Engagement at Laurel Hill Church
—Siege of Petersburg & Richmond 1864-1865 —
For almost ten months beginning in mid-June 1864, the Army of the Potomac besieged the cities of Petersburg and Richmond from the east and south. Gen. Ulysses S. Grant ordered the Union fortiﬁcations extended west of Petersburg and launched frequent attacks there and near Richmond, forcing Confederate Gen. Robert E. Lee to stretch his thin defensive lines and move his outnumbered troops to counter the attacks. 0n April 3, 1865, Lee evacuated his army west after the Federal breakthrough at Petersburg, and the Union army occupied both cities.
Laurel Hill Church marked the farthest extent of the Federal advance west toward Richmond during the two-pronged attacks on the city's Confederate defenses on September 29, 1864. After helping capture New Market Heights (two miles east), Union Gen. Robert S. Foster's X Corps division reached this location early in the afternoon. Foster found that the 3rd Richmond Howitzers and Confederate Gen. Martin W. Gary's dismounted Confederate cavalry blocked New Market Road. Foster formed his brigades in two lines and advanced. Although the Federals endured devastating ﬁre from the roadway and from nearby Fort Gilmer (two miles southeast), the assault overwhelmed the Confederate position on New Market Road.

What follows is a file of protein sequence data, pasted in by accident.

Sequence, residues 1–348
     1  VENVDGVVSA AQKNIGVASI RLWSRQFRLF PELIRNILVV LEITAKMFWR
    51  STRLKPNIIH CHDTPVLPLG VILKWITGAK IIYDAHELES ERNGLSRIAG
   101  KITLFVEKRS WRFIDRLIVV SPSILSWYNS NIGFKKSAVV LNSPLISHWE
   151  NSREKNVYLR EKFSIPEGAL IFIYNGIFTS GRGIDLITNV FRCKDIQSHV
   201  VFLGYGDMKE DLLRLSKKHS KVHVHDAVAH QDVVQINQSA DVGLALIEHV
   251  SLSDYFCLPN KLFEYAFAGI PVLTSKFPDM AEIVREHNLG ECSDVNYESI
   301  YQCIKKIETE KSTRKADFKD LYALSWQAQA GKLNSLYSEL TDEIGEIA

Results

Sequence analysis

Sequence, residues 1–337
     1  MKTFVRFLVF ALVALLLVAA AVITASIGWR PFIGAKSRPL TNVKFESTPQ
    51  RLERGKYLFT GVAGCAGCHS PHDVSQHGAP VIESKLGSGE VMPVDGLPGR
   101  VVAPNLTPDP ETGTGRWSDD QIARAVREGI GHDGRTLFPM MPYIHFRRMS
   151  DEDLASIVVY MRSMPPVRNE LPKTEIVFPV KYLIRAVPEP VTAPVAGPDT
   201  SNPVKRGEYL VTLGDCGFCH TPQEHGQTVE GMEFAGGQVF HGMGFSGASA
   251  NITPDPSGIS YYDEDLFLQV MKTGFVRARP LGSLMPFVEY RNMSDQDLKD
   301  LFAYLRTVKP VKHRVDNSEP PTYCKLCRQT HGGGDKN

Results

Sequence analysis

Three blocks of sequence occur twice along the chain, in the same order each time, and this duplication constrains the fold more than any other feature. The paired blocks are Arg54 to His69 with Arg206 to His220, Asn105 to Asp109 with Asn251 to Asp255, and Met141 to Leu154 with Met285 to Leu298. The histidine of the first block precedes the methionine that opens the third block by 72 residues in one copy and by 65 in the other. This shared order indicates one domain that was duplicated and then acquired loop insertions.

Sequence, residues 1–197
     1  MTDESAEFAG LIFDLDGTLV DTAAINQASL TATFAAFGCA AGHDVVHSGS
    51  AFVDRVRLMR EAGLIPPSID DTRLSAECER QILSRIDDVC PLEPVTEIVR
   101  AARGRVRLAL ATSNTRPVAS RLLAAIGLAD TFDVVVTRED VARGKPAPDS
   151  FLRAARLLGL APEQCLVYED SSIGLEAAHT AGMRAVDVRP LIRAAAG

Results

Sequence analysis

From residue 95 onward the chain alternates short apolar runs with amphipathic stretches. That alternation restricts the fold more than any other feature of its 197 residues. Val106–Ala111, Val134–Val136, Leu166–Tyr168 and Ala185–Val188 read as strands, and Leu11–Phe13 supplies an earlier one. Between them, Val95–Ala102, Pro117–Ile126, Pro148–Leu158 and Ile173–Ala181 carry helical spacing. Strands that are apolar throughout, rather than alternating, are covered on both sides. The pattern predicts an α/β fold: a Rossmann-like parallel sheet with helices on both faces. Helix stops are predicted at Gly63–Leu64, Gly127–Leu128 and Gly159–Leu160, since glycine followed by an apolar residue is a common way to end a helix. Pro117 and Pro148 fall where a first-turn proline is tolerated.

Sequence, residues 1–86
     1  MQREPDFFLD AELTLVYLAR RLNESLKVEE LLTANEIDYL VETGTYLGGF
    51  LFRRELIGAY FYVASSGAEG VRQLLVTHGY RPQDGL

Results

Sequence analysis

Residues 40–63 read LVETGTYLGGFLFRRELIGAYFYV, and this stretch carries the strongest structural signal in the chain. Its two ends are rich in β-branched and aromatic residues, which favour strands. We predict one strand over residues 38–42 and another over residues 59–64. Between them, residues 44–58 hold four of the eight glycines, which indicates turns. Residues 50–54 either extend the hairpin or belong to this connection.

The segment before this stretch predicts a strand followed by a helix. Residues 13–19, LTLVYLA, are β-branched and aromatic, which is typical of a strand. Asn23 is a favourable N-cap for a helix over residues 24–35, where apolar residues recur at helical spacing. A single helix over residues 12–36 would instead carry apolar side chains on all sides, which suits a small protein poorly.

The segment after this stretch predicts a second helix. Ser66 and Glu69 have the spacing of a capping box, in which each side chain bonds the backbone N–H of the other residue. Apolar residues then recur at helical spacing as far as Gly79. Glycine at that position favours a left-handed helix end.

Instead of advancing
toward Richmond, Foster chose to silence Fort Gilmer. U.S. Colored Troops (USCT), who had fought earlier in the morning's victory at New Market Heights, soon joined the attack on the fort. The Confederates repulsed the assault and abruptly ended the Federal strike at Richmond.
Laurel Hill Methodist Church (built 1857) served a rural congregation. The church may have taken its name from nearby laurel trees. The building was operated as a ﬁeld hospital after the battles on September 29, 1864, and survived the war. The original church was destroyed by ﬁre in 1951.
Gen. Robert S. Foster Courtesy Library of Congress
Gen. Martin W. Gary Courtesy Duke University
Unidentiﬁed soldier, Richmond Howitzers Courtesy Library of Congress
Laurel Hill Church, by artist Edna Shiﬂet Courtesy Laurel Hill Church